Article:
dollface wolfmanAs Joe sings “theres a song that they sing as they take to the highway …” I kept reminding myself that he was born here.  He speaks the language of winter.  He has Joe B.never gotten in an accident.  He can fix anything.  (What has that got to do with it?  I don’t know.)  And then, there’s the sign to the island blurring past, we are getting closer.  But we still don’t know if the boat will be running or not.  It’s blowing snow, visibility isn’t very good, if the boat does go, will the Captain be able to see the island or will we drive right past, lost in the blizzard, on our way to France?  Is he a wolf or does he have some intelligent chicken blood in him?

almost there

Woods Hole, we’re here … and that’s the ocean out there.  Visibility is wonderful.  Perfect weather for boating.  Is the boat even here?  Can we get on when our reservation isn’t until 7:30 and we’ve managed to arrive at 3:45?????  These are the questions.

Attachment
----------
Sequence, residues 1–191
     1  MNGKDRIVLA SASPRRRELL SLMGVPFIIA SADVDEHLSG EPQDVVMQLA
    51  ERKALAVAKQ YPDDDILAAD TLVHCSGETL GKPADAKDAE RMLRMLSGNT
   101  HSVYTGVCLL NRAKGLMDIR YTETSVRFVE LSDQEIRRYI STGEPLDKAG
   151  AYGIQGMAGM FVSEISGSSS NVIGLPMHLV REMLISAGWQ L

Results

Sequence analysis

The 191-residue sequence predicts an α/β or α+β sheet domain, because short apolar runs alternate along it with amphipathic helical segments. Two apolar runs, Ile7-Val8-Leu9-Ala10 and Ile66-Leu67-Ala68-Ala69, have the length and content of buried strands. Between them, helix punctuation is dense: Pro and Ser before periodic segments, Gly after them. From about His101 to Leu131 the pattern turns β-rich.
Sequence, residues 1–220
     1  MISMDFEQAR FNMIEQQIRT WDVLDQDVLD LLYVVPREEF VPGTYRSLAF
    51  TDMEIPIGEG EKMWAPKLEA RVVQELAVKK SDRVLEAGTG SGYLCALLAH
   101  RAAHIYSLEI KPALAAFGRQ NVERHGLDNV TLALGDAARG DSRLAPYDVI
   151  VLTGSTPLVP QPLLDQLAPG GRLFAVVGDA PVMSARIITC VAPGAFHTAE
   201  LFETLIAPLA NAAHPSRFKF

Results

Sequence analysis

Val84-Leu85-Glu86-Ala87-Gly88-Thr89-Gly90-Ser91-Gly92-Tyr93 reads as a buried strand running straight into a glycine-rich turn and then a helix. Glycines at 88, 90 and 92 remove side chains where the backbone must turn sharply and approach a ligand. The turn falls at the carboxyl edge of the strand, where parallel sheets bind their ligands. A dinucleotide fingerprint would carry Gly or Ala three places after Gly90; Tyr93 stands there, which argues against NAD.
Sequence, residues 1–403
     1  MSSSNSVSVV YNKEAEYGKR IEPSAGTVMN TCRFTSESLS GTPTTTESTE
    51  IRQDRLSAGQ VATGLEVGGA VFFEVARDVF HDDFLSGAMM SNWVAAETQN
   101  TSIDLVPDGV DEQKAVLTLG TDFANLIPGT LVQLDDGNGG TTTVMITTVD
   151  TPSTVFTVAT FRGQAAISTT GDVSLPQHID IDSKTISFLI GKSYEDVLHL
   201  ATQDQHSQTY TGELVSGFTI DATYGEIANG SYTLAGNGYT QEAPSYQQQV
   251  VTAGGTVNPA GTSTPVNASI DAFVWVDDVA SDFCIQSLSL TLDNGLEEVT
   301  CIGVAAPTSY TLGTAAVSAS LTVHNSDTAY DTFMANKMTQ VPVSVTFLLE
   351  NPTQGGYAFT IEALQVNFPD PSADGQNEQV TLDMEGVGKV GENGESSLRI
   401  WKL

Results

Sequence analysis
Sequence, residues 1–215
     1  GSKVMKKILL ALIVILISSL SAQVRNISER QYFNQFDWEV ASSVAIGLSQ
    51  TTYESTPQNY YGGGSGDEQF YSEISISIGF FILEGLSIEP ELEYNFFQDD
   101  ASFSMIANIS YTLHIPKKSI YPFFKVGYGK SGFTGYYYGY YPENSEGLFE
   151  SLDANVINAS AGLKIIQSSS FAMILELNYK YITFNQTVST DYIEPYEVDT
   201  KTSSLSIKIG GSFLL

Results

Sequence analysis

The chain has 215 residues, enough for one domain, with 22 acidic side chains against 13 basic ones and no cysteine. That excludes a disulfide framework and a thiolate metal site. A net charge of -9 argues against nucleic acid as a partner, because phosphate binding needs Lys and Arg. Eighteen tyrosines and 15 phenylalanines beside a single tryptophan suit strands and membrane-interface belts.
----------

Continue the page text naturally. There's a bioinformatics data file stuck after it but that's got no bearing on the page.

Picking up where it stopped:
Yay the boat is here

But yes, there it was, big mouth wide open, almost done loading but there was room for us.  No turning back now.  Thoughts of kitties are what I’m using for propellant because good sense would never allow this.  Wolf packs run the ferry boats.

on board

On we went, wristbands in place. Straight to the bar.


We made it, you know that because here I am.  A happy ending.  My hunny bunny got me home safe and sound just as he promised.  Wolves rule.  If chickens ran the world we might never get home.  I am sense and he is sensibility.  We are so brave.  Jack jumped up and rubbed against me a hundred times.  Girl rolled over for her tummy rub.  We unpacked the van and slept all through the storm and look how gorgeous it is today.


Snowflowers are on every tree, like spring cherry trees in bloom.